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Parents, send your kids to day camp this summer and count the cost in claiming the child and dependent care tax credit

UPDATE, March 7, 2018: No, it's not hot yet, even here in Texas. But parents across the country already are making summer camp plans for their kids since some of the programs fill up quickly. And the child and dependent care tax credit, which survived the Tax Cuts and Jobs Act enacted on Jan. 1, 2018, can help cover some of those costs as long as the camp is of the day-only variety. This oldie-but-goody (and reviewed and refreshed) tax tip has the scoop.

If the hot weather hasn't already tipped you off, all the kids roaming the streets make it clear that summer is here.

Yep, as Alice and friends say every year, school's out for the summer.

Summer day camp optionsAnd that is a big problem for a lot of parents. When mom and dad have to go to the office, even one that's in the home, they need help watching the kids.

Thank goodness for day camps.

These popular summer programs are win-win-win for kiddos and their parents.

Myriad day camps occupy, entertain and, in many cases, educate kids.

Mom and dad can head to work knowing that their youngsters are supervised for most of the work day.

And the third win? That comes at tax time when parents can count day camp costs when they total expenses that can be claimed as part of the child and dependent care tax credit.

This credit, which is today's Weekly Tax Tip, lets taxpayers count up to $3,000 for the care of one kid (or other dependent person) and $6,000 for two or more.

Percentage limits: Unfortunately, you don't get to use those dollar amounts as your credit claim. Instead, you get to claim a percentage of your dependent care expenses.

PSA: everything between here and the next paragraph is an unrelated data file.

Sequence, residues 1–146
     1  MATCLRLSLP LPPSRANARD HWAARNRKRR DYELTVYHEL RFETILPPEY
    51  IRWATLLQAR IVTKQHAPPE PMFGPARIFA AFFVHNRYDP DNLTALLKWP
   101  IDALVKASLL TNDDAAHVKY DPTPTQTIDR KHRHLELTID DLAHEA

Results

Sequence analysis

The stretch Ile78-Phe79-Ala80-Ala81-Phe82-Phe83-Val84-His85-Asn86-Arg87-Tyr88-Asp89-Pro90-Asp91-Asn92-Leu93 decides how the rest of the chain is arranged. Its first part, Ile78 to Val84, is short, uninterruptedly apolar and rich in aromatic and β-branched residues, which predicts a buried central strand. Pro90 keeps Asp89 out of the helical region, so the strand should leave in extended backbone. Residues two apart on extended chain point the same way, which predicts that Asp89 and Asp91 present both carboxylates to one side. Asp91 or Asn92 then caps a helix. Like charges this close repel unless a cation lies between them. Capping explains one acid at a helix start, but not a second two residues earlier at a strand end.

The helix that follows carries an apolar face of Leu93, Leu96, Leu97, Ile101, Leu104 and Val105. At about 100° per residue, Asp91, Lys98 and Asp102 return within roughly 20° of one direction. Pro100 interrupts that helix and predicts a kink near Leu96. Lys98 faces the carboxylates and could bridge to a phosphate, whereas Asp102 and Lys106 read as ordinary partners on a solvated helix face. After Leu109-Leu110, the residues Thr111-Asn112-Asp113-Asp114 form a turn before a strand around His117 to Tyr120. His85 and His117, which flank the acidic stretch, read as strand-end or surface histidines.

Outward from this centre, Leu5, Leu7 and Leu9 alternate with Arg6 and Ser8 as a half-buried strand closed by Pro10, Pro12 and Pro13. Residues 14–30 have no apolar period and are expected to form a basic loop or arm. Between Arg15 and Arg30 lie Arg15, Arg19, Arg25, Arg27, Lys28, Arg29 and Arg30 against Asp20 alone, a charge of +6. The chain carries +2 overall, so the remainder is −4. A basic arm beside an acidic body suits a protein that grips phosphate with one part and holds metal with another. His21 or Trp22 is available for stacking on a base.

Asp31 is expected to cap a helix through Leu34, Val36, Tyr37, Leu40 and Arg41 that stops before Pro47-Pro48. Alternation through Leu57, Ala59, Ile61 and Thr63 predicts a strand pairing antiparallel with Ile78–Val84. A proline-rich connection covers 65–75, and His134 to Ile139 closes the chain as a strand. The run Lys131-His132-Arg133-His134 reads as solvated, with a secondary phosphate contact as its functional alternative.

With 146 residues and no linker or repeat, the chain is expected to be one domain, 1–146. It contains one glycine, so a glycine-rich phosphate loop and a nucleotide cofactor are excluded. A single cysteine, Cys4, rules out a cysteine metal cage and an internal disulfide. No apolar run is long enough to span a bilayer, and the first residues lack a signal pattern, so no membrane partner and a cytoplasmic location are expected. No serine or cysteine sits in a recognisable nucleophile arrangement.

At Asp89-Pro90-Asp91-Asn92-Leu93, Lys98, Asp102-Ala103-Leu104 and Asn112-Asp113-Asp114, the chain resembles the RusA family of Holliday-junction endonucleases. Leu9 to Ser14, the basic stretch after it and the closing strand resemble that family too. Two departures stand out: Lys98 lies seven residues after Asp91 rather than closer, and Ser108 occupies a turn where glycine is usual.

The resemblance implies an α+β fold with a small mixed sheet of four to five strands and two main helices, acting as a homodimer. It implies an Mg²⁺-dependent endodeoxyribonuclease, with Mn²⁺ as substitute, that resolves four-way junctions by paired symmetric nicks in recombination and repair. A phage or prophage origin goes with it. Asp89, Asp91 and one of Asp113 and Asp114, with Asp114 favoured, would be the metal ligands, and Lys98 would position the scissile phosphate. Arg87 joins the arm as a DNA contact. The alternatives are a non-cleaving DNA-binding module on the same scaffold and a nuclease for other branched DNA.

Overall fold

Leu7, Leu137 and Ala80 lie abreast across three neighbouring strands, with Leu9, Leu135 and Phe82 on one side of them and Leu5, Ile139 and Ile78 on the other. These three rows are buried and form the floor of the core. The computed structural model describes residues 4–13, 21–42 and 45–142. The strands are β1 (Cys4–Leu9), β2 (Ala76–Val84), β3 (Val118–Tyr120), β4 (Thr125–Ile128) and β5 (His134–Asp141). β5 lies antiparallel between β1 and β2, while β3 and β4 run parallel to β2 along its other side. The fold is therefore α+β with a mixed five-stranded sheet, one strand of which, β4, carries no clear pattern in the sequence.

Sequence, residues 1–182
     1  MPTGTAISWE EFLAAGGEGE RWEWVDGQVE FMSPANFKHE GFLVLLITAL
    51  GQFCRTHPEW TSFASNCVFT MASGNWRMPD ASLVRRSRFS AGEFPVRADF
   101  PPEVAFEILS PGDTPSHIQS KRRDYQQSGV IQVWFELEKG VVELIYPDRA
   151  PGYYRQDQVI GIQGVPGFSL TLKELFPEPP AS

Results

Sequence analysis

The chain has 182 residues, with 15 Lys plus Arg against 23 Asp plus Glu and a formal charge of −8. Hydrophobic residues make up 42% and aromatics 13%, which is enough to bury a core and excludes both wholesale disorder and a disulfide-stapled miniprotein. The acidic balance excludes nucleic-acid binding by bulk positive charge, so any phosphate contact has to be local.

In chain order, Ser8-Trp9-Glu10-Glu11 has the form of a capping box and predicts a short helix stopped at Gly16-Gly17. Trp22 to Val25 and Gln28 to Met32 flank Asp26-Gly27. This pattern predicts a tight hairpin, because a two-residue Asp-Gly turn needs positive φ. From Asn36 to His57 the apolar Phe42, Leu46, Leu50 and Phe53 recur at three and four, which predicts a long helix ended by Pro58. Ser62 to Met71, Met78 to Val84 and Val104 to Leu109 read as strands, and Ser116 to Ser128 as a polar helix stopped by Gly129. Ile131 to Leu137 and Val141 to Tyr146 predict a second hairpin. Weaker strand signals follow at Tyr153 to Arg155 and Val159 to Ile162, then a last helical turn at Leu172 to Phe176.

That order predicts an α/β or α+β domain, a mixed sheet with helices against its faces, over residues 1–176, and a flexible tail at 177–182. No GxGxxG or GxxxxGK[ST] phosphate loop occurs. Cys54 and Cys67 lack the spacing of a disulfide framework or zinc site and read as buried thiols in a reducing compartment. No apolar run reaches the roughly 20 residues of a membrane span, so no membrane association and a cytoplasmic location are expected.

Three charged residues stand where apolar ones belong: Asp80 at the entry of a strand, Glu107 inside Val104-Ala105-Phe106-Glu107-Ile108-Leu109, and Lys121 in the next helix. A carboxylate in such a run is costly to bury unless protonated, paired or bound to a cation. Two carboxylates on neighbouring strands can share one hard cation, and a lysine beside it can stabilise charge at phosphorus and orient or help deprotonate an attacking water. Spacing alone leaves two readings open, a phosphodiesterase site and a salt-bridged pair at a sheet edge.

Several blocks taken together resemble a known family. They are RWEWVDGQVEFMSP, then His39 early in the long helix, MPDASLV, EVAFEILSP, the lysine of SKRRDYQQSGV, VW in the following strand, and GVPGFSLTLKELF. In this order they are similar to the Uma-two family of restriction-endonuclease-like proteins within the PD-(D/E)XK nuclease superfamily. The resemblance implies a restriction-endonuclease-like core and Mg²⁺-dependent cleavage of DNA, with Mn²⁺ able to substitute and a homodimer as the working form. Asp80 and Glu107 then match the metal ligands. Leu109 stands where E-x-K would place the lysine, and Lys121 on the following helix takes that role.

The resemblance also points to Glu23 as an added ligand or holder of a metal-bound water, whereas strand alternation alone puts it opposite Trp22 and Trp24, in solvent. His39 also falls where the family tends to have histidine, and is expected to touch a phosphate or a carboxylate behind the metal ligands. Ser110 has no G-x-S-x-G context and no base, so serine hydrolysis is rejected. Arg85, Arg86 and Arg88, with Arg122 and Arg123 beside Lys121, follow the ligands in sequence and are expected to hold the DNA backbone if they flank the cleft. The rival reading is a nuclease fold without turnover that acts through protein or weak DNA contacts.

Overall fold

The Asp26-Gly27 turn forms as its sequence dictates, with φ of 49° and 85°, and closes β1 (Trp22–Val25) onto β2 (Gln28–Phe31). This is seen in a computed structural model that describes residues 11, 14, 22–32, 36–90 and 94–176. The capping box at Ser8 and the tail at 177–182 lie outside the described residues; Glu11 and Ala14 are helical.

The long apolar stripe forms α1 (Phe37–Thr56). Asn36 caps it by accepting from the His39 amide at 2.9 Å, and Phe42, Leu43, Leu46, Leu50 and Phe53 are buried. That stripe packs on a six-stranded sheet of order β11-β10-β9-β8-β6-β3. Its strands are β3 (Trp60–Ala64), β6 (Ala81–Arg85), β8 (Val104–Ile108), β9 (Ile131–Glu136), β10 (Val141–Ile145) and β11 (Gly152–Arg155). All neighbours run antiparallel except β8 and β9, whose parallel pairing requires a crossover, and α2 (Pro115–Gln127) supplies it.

Just how large a percentage -- a range from 35 percent to 20 percent -- depends on your income. Lower earners, those making $15,000 or less regardless of filing status, get to claim 35 percent of their eligible child care costs. Filers who make more than $43,000 can claim only 20 percent of their costs.

Details on the percentage phaseout can be found on Form 2441, which you use to claim the credit.

That means the maximum child and dependent care credit is $2,100:

$6,000 spent on care for three kids
  x 35%
$2,100 child care tax credit claim

Yes, $2,100 is not much in the grand scheme of child care costs. But it's something.

And it's a tax credit, meaning that it reduces your tax bill dollar-for-dollar. It can zero out your tax bill, but because it's nonrefundable you won't get any excess credit back from the Internal Revenue Service.

Other child care credit rules: In addition to the earnings limits, keep in mind the other child care credit rules.

Day camp costs only are allowed. You can't count the usually higher expenses of sleep-away camps.

Your kid, either at day camp now or after-school care when classes are in session, must be 12 years old or younger.

The kiddo also must be your dependent.

And the parents claiming the credit must work or be looking for a job. If you're married, that means both of you have to be employed or seeking work. The only exception is when one spouse is either a full-time student or is physically or mentally incapable of self-care.

So if you just want a break from the ever-present kids during the summer, sorry. You can still send them to day camp, but Uncle Sam isn't going to help you cover the cost.

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